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Norman Borlaug

Norman Borlaug
Norman Ernest Borlaug (March 25, 1914 – September 12, 2009)[2] was an American biologist, humanitarian and Nobel laureate who has been called "the father of the Green Revolution",[3] "agriculture's greatest spokesperson"[4] and "The Man Who Saved A Billion Lives".[5][6] He is one of seven people to have won the Nobel Peace Prize, the Presidential Medal of Freedom and the Congressional Gold Medal[7] and was also awarded the Padma Vibhushan, India's second highest civilian honor.[8] During the mid-20th century, Borlaug led the introduction of these high-yielding varieties combined with modern agricultural production techniques to Mexico, Pakistan, and India. As a result, Mexico became a net exporter of wheat by 1963. Later in his life, he helped apply these methods of increasing food production to Asia and Africa.[11] Early life, education and family[edit] Borlaug had the great-grandchild of Norwegian immigrants to the United States. "Wrestling taught me some valuable lessons ... Related:  Human Species Upgrade?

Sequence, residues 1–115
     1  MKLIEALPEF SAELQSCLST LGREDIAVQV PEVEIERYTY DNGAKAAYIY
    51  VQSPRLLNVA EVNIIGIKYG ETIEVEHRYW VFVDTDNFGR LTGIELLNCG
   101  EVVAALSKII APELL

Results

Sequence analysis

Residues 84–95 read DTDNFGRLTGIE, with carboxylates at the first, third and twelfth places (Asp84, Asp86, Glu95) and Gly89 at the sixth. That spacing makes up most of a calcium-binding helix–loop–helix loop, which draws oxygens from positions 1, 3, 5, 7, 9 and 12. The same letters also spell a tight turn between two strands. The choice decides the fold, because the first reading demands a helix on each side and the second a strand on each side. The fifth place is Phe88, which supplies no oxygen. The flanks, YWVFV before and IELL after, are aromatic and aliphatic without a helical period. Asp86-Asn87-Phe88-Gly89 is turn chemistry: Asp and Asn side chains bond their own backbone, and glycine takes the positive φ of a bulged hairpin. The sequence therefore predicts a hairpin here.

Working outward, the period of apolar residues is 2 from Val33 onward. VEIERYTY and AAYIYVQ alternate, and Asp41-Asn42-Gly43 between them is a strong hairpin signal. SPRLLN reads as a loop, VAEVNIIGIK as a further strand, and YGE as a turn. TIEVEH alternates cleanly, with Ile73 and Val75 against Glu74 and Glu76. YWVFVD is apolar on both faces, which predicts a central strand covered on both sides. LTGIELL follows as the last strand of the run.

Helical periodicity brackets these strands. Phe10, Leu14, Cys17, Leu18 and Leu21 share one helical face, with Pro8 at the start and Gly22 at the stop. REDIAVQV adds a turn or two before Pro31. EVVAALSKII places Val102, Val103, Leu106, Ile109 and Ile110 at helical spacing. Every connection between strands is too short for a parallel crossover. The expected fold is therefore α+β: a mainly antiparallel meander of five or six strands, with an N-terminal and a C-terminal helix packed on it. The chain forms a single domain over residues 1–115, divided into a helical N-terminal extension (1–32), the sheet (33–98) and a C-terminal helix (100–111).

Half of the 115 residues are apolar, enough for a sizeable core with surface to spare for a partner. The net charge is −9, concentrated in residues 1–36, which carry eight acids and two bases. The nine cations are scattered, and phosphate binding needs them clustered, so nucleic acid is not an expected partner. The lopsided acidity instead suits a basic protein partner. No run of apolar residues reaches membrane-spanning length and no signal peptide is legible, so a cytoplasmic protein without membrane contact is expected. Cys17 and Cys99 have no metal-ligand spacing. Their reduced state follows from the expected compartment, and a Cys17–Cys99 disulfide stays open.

Green Revolution — www.gktoday.in — Readability The Green Revolution increased in production needed to make India self-sufficient in food grains. These three measures adopted for the improvement of agriculture, food grain production in India increased by 25% in 1967-68 as compared to 1966-67. It was a revolution because of so much increase in the production in just one year. The term "Green Revolution" was first used in 1968 by then USAID director William Gaud. Was Green Revolution confined to India? No, It started from Mexico with the efforts of Dr. Who was Dr. Dr. How Norman's efforts in Mexico expanded? Dr. In India, M. Which were the High Yielding Variety Seeds? The following HYV seeds were used in the green revolution: Wheat: Sona, PB 18, Kalyan Bajra: HV 1 Maize: Ganga 101, Ranjit Jowar : CSH 2 The seeds were first used under IADP but the HVYP used these seeds exhastively along with the other measures. What was the result of the Green Revolution? The green revolution resulted in increased productivity in India. What was role of Dr. Dr.